[112] Mathematical models were used to some degree in the design stages of the Mercury Project. Catalogued values of failure rates that had been established by the manufacturers or various testing agencies as being representative of the random or statistical type of failure that predominates in fully developed parts comprised the inputs to these models. Reliability values obtained in this way tended to reflect the ultimate goal; that is, the minimum failure rate that may eventually be obtained with the design.


The first Mercury space flights with new systems could not be delayed pending statistically rigorous reliability tests to assure demonstration of reliability goals. The problem was therefore to decide, by a combination of engineering judgment, common sense, experience, and intuition just when the last serious "early development" types and human-induced types of failure had been eliminated. The early development type of failure arose from design errors, interaction effects between parts and components, unanticipated environmental effects, or errors in estimating environments. The human-induced type were those associated with faulty fabrication, quality control, failure diagnosis, handling, installation, and carelessness.


As a result of the experience in the Mercury Project the role of numerical reliability assessment in manned space programs may be summarized as follows:

(1) It is desirable to specify an overall numerical reliability goal to insure that adequate attention is directed to reliability in the design stage. This goal should be apportioned or budgeted through a mathematical model down to the various subsystems and their components. The subsystem designer should be required to show that his subsystem is capable of absorbing the expected number of random or statistical type failures of parts without serious consequences or without exceeding his reliability budget.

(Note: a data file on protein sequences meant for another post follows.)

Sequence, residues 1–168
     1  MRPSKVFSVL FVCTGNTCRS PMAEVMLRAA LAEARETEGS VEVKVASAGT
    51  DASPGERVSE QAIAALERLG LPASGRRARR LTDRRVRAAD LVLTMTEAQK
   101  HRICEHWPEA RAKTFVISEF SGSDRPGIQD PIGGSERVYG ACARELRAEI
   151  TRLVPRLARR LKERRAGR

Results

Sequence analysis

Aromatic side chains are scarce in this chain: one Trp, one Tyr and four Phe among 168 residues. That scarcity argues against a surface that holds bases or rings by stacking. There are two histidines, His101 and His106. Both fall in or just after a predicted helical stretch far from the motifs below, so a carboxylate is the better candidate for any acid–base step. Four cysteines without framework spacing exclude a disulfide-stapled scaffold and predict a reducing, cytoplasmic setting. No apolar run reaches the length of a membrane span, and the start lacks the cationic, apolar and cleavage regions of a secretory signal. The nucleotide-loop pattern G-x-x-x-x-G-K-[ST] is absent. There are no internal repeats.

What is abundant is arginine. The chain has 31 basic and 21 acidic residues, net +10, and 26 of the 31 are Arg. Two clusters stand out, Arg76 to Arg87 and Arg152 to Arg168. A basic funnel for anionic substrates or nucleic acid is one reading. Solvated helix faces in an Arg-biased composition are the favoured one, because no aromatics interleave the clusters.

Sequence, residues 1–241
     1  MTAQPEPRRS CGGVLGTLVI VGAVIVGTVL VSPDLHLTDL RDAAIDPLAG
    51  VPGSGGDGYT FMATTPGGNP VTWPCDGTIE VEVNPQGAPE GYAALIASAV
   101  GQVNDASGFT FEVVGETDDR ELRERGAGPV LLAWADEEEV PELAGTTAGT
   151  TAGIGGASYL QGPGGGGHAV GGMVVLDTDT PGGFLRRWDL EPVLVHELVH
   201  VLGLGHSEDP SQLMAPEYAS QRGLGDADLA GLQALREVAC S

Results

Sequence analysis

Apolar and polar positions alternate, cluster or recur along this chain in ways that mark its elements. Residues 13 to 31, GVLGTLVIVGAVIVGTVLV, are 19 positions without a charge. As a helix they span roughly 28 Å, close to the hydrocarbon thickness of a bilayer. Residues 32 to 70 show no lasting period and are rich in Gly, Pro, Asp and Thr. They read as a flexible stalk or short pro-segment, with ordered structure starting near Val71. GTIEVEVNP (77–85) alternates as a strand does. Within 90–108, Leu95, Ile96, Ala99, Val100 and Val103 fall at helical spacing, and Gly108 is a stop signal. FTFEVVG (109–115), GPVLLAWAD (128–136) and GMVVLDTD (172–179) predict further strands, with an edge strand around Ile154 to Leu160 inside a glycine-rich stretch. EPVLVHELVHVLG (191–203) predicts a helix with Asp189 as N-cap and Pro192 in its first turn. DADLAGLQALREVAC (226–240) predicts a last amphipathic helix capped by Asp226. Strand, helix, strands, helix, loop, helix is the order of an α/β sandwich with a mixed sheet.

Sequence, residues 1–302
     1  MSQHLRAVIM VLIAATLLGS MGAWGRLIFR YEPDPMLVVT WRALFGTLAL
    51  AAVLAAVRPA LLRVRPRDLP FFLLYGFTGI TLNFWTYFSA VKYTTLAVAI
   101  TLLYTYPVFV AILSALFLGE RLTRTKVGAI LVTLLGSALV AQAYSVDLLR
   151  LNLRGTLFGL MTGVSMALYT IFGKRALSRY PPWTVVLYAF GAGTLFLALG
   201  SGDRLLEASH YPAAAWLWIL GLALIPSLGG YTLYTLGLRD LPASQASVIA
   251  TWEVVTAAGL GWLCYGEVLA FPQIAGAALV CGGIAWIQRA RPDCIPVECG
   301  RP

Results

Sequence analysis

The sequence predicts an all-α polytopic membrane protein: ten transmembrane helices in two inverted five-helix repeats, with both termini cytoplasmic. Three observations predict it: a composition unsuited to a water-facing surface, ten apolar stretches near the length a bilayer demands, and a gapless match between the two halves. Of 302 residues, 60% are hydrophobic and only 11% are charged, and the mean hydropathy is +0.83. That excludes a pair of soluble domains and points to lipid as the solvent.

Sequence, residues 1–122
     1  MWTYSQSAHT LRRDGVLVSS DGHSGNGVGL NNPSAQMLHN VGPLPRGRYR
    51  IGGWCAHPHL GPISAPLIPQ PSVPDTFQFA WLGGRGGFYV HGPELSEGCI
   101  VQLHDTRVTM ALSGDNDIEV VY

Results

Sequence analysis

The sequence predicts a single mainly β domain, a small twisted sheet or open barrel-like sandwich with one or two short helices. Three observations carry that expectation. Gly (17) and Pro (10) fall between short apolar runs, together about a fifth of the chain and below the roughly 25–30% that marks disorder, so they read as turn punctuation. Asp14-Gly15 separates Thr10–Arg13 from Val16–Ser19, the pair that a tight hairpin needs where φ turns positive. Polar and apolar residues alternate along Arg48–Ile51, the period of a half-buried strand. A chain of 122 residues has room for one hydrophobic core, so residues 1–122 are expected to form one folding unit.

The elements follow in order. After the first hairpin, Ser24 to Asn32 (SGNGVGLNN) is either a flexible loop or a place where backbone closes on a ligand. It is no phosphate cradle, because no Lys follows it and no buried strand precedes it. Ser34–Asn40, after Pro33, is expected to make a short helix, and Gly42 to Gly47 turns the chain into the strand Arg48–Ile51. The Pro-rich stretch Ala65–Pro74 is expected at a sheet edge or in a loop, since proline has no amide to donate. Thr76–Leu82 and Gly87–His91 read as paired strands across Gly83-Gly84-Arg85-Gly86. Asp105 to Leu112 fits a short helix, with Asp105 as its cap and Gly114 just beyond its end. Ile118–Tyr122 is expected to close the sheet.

(2) The logic flow diagrams which show functionally the systems sequence of action were especially useful since they represented primary and critical abort paths, crew inputs, and principal events. They reflected the basic ground rules relative to choice of alternate modes of operation and aborts. From these diagrams the effect of a component failure could readily be determined.

(3) Beyond this point the usefulness of formal quantitative reliability assessment procedures is debatable; the most effective approach from here on is to concentrate on establishing a testing program and quality assurance program that will assure detection and correction on all the unproven design and induced sources of system failure before flight.




Fabrication of the spacecraft was generally in accordance with the accepted aircraft production practices for small lots on the order of twenty articles. Air-conditioned clean room procedures were introduced in an effort to eliminate the introduction of contaminants or debris into components.


The results of operational experiences were fed back into the fabrication process by holding frequent Development Design Engineering Inspections (DEI). The purpose of the DEI was to assure that the Mercury spacecraft as engineered and manufactured was safe for manned flight. Emphasis was placed on attaining reliability and flight safety with existing Mercury hardware. To accomplish this objective, the DEI team was responsible for conducting suitable inspections for deficiencies and initiating necessary corrective action. The DEI board was authorized to make final decisions on the acceptability of the spacecraft.


Preparatory to the DEI, the inspection team reviewed in detail engineering design, fabrication, and assembly, as well as component, system, and composite testing.


Testing and Checkout


Ground testing. In addition to the standard type of qualification and acceptance tests, the following types of tests were conducted.


Demonstration tests: Demonstration.; were made to determine reliability, wherein several samples of each major subsystem tested under simulated operational environment meets and duty cycles for a total operating time considerably longer than that of a single mission. The scope of these tests is shown in figure 6-5.


[113] Figure 6-5. Spacecraft subsystems reliability tests.

Major subsystems

Typical test time or firings

1. Environmental control system

1500 hrs

2. Automatic stabilization and control system

2000 hrs

3. Reaction control system - automatic

290 hrs

4. Reaction control system - manual

112 hrs

5. Horizon scanner

720 hrs

6. Landing and recovery

38 firings

7. Rockets

27-37 firings (ea. type)

8. Sequential system

400 cycles

9. Communications (tranceivers, audio center, transponders, beacons, etc.)

1000 hrs (ea. type)

10. Satellite clock

3000 hrs

11. Bolt, expl. clamp release

108-155 firings (ea. type)

12. Bolt, retrorocket release

106 firings

13. Battery (3000w, 1500w)

20 discharge cycles (ea. type)

14. Ejector, antenna firing